Oarsmen

The longships had two methods of propulsion: oars and sail. At sea, the sail enabled longships to travel faster than by oar and to cover long distances overseas with far less manual effort. Sails could be raised or lowered quickly. In a modern facsimile the mast can be lowered in 90 seconds. Oars were used when near the coast or in a river, to gain speed quickly, and when there was an adverse (or insufficient) wind. In combat, the variability of wind power made rowing the chief means of propulsion. The ship was steered by a vertical flat blade with a short round handle, at right angles, mounted over the starboard side of the aft gunwale.


Gokstad-ship-model. Photo © Softies, 13 Aug 2006

The longships had two methods of propulsion: oars and sail. At sea, the sail enabled longships to travel faster than by oar and to cover long distances overseas with far less manual effort. Sails could be raised or lowered quickly.In a modern facsimile the mast can be lowered in 90 seconds. Oars were used when near the coast or in a river, to gain speed quickly, and when there was an adverse (or insufficient) wind. In combat, the variability of wind power made rowing the chief means of propulsion. The ship was steered by a vertical flat blade with a short round handle, at right angles, mounted over the starboard side of the aft gunwale.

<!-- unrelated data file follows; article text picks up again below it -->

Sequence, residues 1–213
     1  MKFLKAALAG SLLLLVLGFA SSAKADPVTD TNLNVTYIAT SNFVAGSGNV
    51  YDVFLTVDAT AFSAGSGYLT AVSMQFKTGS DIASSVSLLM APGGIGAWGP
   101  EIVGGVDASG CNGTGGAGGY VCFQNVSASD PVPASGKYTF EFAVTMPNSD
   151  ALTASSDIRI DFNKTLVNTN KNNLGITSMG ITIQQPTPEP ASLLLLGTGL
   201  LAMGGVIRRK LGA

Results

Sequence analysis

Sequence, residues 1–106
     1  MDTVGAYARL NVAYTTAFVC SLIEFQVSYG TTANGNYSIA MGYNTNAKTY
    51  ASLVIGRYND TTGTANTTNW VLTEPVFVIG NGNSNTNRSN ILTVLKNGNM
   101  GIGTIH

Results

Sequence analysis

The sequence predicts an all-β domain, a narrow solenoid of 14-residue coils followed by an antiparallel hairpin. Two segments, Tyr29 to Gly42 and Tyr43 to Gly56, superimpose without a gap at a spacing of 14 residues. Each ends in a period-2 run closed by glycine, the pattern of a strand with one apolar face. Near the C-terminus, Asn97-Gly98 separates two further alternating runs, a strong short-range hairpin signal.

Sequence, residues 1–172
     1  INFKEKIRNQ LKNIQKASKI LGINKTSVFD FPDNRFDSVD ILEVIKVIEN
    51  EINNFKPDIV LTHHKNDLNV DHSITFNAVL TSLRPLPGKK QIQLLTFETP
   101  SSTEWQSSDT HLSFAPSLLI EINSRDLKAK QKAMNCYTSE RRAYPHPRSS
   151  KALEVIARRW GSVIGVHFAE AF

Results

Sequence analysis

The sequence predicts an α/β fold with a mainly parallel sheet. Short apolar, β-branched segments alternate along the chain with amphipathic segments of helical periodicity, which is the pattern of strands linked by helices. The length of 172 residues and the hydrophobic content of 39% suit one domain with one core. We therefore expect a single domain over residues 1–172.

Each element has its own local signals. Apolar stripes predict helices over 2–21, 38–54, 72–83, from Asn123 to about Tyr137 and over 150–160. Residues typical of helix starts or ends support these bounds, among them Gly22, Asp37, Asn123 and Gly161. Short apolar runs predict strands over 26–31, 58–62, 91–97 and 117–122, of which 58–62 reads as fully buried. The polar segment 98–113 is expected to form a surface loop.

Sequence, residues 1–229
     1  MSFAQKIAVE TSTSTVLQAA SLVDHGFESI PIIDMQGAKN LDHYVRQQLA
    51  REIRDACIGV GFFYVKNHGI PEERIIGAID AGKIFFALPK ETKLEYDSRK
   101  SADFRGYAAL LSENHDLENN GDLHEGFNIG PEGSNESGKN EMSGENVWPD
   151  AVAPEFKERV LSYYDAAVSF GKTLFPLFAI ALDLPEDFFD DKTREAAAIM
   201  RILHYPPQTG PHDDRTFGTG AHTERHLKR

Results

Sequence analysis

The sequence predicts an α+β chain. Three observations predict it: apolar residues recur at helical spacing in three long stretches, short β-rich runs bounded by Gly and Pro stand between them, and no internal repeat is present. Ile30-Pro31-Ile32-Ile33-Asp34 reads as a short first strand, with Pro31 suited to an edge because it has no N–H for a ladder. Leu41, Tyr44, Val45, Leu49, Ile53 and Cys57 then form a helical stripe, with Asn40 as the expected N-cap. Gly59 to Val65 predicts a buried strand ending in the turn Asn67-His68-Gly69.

Longships were not fitted with benches. When rowing, the crew sat on sea chests (chests containing their personal possessions) that would otherwise take up space. The chests were made the same size and were the perfect height for a Viking to sit on and row. Longships had hooks for oars to fit into, but smaller oars were also used, with crooks or bends to be used as oarlocks. If there were no holes then a loop of rope kept the oars in place.

An innovation that improved the sail's performance was the beitass, or stretching pole – a wooden spar stiffening the sail. The windward performance of the ship was poor by modern standards as there was no centreboard, deep keel or leeboard. To assist in tacking the beitass kept the luff taut. Bracing lines were attached to the luff and lead through holes on the forward gunwale. Such holes were often reinforced with short sections of timber about 500 to 700 mm (1.6 to 2.3 feet) long on the outside of the hull.

The Gokstad ship was commissioned during the reign of Harald Fairhair at the end of the 9th century. It was built to carry 32 oarsmen, and the oar holes could be hatched down when the ship was under sail.

The Oseberg ship dates from 834 AD. It has 15 pairs of oar holes, which means that 30 people could row the ship.

Sutton Hoo, near Woodbridge, dates from th 6th- and early 7th-century. In the fore and aft sections of the ship, there are thorn-shaped oar-rests along the gunwales, indicating that there may have been positions for forty oarsmen.

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